Olmert, Abbas To Discuss 'Political Horizon' At Sunday Meeting

Friday, April 13th 2007, 7:20 am
By: News On 6

JERUSALEM (AP) _ A meeting Sunday between Israeli Prime Minister Ehud Olmert and Palestinian President Mahmoud Abbas will include a general discussion of a future Palestinian state, Palestinian and Israeli officials said Friday, but is not expected to yield dramatic results.

Palestinian negotiator Saeb Erekat said the two leaders would discuss the ``political horizon'' at the Sunday meeting, the first in a series of biweekly meetings that Olmert and Abbas agreed to hold at the prodding of Secretary of State Condoleezza Rice.

``Specifically, they will probe the possibility of turning President Bush's vision of a two-state solution into a realistic political track,'' Erekat said.

David Baker, an official in Olmert's office, confirmed that Olmert and Abbas would discuss ``the composition of a future Palestinian state,'' but said talks would focus mainly on security and humanitarian issues. Olmert also plans to raise the issue of Cpl. Gilad Shalit, an Israeli soldier held captive by Hamas-linked militants since June, 2006, Baker said.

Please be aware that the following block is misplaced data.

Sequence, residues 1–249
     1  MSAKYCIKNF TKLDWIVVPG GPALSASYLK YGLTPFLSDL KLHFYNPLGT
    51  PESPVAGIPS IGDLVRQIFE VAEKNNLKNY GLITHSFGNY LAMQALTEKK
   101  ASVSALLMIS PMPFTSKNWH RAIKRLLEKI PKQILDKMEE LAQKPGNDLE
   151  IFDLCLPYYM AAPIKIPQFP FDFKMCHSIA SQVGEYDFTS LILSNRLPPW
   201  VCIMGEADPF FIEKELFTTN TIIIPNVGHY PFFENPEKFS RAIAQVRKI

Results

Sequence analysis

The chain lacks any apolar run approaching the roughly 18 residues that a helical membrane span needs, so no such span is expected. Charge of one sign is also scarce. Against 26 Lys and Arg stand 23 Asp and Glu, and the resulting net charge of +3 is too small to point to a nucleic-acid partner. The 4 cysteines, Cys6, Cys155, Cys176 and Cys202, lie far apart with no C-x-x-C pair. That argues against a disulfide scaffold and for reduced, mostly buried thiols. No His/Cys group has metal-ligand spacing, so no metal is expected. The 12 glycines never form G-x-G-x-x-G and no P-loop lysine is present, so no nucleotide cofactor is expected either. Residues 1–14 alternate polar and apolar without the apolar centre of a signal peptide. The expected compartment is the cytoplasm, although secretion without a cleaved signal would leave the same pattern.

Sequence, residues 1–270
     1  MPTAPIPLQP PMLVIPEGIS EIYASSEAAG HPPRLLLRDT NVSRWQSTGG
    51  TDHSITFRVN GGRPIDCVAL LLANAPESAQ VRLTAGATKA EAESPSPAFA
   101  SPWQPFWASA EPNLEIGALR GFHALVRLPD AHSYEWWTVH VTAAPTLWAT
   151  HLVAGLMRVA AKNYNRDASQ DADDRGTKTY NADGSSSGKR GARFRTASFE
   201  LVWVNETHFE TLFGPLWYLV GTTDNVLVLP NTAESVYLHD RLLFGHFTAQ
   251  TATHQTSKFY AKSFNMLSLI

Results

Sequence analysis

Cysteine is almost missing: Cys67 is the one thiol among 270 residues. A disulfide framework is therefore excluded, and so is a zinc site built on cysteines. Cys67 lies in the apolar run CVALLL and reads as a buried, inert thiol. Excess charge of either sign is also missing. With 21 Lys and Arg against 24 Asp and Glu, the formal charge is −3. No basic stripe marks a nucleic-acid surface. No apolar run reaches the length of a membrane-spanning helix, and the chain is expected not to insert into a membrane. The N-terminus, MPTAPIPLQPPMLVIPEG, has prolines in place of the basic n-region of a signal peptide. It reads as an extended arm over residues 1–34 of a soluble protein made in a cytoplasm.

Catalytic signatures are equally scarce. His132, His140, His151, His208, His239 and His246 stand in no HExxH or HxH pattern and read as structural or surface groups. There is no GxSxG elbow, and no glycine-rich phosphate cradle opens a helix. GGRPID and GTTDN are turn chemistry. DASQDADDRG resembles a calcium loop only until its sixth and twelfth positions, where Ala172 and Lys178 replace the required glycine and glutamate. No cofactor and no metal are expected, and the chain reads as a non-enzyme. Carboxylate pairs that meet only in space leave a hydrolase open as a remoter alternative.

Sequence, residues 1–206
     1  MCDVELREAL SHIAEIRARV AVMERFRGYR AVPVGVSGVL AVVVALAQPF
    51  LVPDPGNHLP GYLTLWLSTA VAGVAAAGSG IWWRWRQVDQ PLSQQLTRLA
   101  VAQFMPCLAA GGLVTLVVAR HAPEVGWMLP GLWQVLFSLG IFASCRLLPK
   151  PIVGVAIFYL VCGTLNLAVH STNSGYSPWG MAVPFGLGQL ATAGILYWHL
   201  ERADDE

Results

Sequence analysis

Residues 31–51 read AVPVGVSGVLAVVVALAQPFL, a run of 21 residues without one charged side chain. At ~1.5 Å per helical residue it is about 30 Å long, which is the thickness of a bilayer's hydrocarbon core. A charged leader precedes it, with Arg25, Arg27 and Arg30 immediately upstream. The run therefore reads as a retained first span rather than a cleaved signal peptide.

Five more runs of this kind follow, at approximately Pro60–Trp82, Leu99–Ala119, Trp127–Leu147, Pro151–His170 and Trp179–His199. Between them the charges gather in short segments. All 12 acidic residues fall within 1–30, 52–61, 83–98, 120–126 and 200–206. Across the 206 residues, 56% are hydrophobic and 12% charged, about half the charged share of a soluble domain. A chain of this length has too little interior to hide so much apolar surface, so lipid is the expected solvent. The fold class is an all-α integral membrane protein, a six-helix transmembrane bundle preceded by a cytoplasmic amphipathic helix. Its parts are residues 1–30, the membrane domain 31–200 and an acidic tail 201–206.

A prisoner swap deal for Shalit's release has been in the works for months, but has not produced results so far.

Erekat said the Sunday meeting would take place in Jerusalem, but Baker would not confirm that.

The two leaders' agreement to hold regular meetings was announced at the end of March by Rice, who visited the region repeatedly over the past months in an attempt to jumpstart peace talks.

Israel opposes final status negotiations with the Palestinians as long as their government includes the Islamist group Hamas, which refuses to recognize Israel or renounce violence, and as long as Palestinian militants continue holding Shalit and firing rockets from Gaza.

Because of that opposition, Rice announced that the Olmert-Abbas talks are supposed to include only discussion of the more vaguely defined ``political horizon.''

The term appears to include general discussion of a two-state solution but no substantive negotiations on the issues dividing the sides, such as permanent borders, the fate of disputed Jerusalem, and a solution for Palestinian refugees who lost their homes when Israel was formed in 1948.